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Cultures of Migration

The Global Nature of Contemporary Mobility

By Jeffrey H. Cohen and Ibrahim Sirkeci

Publication Year: 2011

Published by: University of Texas Press

Title Page

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Copyright

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Contents

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pp. vii-

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Preface

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pp. ix-xii

This book began as a discussion between Cohen and Sirkeci regarding the meaning of migration. We started by email, talking about our work. Cohen had spent several years looking at the patterns of migration in rural southern Mexico, while Sirkeci had done the same in the Kurdish parts of Turkey. Later, we shared ...

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Acknowledgments

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pp. xiii-xiv

Co-authoring is always a difficult process; nevertheless, it is one with a great payoff. It allows researchers to share approaches and it creates an opportunity to critically engage theories that aren't always apparent. Our setting, one that bridges anthropological and geographic models of migration ...

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Introduction. The Cultures of Migration

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pp. 1-19

Lots of people talk about migration and lots of people talk about migrants. They are intrigued by the process and they want to ask questions about why people move. Many people assume migrants are seeking to escape something that cannot be resolved in their home ...

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1. The Household in a Global Perspective

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pp. 20-36

Many researchers focus on migrants and the decisions that drive their mobility and the outcomes of their moves. Of course, the decision to migrate is in the hands of the mover. Nevertheless, it is a mistake to think of the migrant as a lone decision maker, just as it is a mistake to think of the migrant ...

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2. The Growth of Migration: Mobility, Security, Insecurity

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pp. 37-49

There was a time when immigration was assumed to follow a direct and highly regular and regulated path from a place of origin to a place of destination (see Ravenstein 1889). Migration was conceptualized as a normal act, one that followed predictable laws with well-defined outcomes and ...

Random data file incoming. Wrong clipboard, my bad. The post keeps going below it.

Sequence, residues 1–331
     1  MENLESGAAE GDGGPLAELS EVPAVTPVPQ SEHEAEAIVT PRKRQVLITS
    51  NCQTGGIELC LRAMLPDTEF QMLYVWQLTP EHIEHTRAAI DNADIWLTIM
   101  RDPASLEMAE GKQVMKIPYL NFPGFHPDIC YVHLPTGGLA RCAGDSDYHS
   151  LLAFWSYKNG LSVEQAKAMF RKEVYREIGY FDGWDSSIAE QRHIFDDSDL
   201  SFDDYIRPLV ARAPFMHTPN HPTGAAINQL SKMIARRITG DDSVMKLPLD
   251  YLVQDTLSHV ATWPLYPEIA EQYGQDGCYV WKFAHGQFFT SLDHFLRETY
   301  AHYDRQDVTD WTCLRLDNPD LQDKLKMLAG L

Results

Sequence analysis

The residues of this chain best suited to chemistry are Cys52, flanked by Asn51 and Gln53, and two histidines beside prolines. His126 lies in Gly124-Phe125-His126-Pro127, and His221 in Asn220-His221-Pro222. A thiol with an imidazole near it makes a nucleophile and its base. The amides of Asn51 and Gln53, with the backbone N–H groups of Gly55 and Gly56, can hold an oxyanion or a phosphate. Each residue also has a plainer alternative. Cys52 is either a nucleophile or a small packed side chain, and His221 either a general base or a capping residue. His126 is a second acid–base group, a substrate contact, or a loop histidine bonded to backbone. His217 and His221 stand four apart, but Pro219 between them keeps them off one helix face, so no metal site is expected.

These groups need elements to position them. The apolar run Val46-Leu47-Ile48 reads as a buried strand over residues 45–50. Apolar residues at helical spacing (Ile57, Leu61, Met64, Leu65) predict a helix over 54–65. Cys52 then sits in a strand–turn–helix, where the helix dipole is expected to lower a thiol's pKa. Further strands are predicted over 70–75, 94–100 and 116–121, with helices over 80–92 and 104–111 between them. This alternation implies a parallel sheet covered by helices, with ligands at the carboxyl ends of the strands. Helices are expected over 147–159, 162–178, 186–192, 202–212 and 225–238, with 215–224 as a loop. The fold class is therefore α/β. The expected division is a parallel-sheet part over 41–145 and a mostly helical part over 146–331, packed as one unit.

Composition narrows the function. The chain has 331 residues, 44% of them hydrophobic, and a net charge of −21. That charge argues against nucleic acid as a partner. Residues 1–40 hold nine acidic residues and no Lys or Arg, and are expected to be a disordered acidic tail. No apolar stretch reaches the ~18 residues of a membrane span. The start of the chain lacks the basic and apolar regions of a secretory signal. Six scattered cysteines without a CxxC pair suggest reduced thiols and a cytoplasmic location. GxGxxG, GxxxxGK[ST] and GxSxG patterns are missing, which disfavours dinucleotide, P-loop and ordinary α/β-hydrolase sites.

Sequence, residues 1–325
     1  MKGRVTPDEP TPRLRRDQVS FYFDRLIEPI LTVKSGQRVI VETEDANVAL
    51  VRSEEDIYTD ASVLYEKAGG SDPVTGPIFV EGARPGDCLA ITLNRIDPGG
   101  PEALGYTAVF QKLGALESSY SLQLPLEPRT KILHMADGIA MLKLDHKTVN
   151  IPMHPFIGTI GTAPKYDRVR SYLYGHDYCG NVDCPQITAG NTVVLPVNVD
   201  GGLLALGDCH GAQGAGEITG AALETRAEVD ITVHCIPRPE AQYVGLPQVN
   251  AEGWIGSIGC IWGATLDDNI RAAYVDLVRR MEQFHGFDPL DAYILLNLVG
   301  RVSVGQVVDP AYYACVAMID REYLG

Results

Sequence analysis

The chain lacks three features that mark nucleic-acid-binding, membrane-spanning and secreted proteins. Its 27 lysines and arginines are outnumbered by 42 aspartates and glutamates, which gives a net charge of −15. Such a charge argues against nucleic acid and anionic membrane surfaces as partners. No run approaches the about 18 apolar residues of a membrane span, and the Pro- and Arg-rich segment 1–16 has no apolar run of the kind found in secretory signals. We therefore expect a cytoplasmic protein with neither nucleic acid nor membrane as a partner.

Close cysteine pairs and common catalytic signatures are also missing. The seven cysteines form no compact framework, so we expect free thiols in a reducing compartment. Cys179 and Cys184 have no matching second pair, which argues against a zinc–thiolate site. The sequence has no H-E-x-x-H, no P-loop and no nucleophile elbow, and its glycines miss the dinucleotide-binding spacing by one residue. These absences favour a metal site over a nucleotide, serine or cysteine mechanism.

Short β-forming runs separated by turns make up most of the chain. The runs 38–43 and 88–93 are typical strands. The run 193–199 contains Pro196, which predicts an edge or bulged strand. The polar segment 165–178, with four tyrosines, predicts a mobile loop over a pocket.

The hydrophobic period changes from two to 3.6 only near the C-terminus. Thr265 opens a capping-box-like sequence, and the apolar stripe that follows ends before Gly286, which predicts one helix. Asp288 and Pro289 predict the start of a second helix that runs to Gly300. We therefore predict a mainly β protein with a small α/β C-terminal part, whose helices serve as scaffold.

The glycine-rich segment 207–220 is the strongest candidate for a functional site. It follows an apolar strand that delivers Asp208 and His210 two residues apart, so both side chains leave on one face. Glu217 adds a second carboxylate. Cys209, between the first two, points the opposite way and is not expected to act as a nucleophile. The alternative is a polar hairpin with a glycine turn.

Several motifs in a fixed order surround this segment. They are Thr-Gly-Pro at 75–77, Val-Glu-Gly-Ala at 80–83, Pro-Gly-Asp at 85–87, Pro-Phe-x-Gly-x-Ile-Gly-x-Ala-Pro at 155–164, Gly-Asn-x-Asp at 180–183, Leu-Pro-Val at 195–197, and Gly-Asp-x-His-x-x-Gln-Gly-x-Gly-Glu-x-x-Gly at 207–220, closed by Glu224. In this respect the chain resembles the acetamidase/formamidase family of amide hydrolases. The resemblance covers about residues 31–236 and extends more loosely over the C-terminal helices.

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3. Contemporary Migration: Commuters and Internal Movers

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pp. 50-67

Let us take you to several places and briefly introduce the traditional populations you might encounter. Picture a family living in northern China in the Mongol Autonomous Region.1 Their home is a small hut, and they own very little beyond the few animals they raise, a radio, and some kitchen ...

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4. Contemporary Movers: International Migration

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pp. 68-86

A few popular assumptions apply to international migration and make understanding the outcomes of international mobility difficult. First, there is the perception that international movement is something new. Second is the assumption that most international movers are poor and fleeing poverty ...

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5. Nonmovers and Those Who Stay Behind

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pp. 87-96

We noted that mobility includes movers who follow local commutes, migrants who travel to internal destinations, and migrants who cross borders and are bound for international destinations. The numbers of movers involved is staggeringly big. There are literally millions of individuals who are involved in ...

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6. The Economics of Migration and the Possibilities of Development

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pp. 97-113

Migrant remittances are the resources that migrants return to their sending households. Remittances flow to sending households from both internal movers and international sojourners and take many forms. Most discussions of remittance practices focus on money that flows from the migrants in their destination ...

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Conclusions

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pp. 114-119

John F. Kennedy's comments concerning migration capture the hope of a time in our collective history when most people believed immigrants were going to help the United States build a stronger future. There was great potential in their arrival, and we assumed that immigrants embraced their ...

Notes

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pp. 121-128

References

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pp. 129-158

Index

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pp. 159-165


E-ISBN-13: 9780292735361
E-ISBN-10: 0292735367
Print-ISBN-13: 9780292726840
Print-ISBN-10: 0292726848

Publication Year: 2011